The USDA is looking to change some aspects of school meals for children, including a focus on reducing sugar and salt intake.
One of the proposed standards would only allow flavored milk at school lunches and breakfasts for high school students, meaning it would be cut as an option for elementary and middle school students.
Why the emphasis on flavored milk? It seems to boil down to added sugars, which can increase the risk of diabetes and heart disease.
Currently, there is no added sugars limit in school meal programs, but the USDA wants to change that. They think one avenue could be dropping flavored milk for younger students.
The USDA’s proposal cites an advocacy group’s findings that flavored milk is the leading source of added sugars in school breakfasts and lunches.
Dr. Anthony Harris, CEO and medical director at HFit Health, says the topic of flavored milk has been a divided issue for some parents and pediatricians for more than two decades. Harris believes there are both pros and cons to be considered when discussing the matter.
“If we look at some of the pros, we know that a population of kids depend on school lunches for nutrition and vitamin D, one of the most common deficiencies in children, as well as calcium. One of the most common deficiencies are something that is addressed in fortified milk such as chocolate milk (…) Another pro is that chocolate milk increases the consumption of milk in schools,” Harris said during an appearance on “NewsNation Now.”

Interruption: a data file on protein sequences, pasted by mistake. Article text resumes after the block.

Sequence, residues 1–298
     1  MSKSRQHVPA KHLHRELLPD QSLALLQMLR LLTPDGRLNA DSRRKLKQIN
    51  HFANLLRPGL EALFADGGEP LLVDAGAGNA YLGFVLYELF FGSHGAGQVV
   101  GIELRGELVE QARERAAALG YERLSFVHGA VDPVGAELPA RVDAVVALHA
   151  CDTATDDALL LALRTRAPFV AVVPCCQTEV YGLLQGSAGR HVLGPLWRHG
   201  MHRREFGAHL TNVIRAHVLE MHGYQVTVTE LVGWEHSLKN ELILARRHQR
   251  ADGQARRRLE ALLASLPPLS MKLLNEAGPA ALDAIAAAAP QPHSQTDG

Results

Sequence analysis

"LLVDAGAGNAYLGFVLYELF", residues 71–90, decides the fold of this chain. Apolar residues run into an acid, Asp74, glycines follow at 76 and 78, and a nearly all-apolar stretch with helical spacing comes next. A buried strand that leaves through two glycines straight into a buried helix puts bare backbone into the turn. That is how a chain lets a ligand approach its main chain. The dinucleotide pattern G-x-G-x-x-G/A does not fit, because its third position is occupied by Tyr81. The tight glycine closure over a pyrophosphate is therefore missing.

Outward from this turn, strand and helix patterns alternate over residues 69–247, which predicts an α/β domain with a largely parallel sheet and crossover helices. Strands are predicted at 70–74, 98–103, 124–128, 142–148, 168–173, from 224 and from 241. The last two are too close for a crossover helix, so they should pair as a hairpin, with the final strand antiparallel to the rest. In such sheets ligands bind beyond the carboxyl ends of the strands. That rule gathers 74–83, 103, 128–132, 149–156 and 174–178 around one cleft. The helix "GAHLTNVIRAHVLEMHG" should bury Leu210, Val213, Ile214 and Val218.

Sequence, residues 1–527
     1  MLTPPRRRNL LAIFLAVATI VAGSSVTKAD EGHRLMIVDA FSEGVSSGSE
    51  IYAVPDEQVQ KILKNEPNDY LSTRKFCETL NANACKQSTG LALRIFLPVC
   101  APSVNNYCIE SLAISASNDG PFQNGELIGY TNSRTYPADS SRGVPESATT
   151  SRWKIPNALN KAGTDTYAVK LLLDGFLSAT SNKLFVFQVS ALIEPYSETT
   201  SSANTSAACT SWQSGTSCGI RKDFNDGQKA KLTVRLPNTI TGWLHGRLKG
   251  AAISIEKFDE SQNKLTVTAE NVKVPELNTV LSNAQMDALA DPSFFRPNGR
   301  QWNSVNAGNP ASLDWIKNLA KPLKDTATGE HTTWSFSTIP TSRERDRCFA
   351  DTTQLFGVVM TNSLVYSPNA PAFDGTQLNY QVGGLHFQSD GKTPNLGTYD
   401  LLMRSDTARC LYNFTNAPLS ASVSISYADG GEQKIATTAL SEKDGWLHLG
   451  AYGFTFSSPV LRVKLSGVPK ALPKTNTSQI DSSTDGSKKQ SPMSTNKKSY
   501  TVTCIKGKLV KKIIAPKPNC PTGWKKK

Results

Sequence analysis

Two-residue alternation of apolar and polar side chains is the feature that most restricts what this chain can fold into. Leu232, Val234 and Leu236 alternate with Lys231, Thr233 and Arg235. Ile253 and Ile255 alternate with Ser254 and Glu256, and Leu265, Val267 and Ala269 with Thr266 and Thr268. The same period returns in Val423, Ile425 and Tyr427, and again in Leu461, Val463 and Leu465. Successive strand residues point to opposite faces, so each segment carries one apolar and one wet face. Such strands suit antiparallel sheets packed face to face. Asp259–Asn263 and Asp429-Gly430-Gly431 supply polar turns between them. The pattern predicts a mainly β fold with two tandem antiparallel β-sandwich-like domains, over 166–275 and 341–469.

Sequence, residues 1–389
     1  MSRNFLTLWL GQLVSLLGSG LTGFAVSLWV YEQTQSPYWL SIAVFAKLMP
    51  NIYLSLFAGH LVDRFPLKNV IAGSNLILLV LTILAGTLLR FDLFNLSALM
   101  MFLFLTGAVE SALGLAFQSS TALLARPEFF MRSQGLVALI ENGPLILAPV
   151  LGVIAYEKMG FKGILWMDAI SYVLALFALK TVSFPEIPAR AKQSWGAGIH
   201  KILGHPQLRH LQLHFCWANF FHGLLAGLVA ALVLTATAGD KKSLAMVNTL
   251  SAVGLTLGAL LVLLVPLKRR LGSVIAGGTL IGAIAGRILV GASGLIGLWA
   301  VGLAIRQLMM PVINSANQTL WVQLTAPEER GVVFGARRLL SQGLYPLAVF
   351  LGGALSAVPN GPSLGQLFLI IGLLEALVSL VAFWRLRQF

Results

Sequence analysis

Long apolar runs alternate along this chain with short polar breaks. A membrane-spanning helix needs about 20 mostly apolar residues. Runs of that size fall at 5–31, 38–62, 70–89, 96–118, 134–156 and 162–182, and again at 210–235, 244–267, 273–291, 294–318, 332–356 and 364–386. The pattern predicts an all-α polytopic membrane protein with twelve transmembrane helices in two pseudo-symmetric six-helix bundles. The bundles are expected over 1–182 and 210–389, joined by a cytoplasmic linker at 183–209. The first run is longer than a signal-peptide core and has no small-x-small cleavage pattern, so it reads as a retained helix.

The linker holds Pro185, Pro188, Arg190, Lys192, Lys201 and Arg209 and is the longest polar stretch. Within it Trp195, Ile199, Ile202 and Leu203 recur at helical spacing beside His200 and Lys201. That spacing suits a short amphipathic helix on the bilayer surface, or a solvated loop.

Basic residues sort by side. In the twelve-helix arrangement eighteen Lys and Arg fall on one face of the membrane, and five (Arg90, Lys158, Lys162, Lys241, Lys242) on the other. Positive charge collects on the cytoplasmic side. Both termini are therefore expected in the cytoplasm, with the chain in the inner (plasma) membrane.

On the other hand, Harris explained: “If we flip to the con side, it’s all about childhood obsesity and decreasing the amount of sugars and calories that children are consuming. Chocolate milk has been one of those factors in the high caloric intake of children.”
As for his personal opinion, Harris says he supports having chocolate milk in schools for nutritional purposes.
“As a father of a six-year-old who loves chocolate milk, I do support chocolate milk in school because again, nutrition, nutrition, nutrition. School nutrition is only one factor. Parents still own the onus of making sure that we are getting good nutrition to our children,” Harris said.
If the proposed standard is implemented, the USDA says the change would be introduced in a “gradual, phased-in approach.”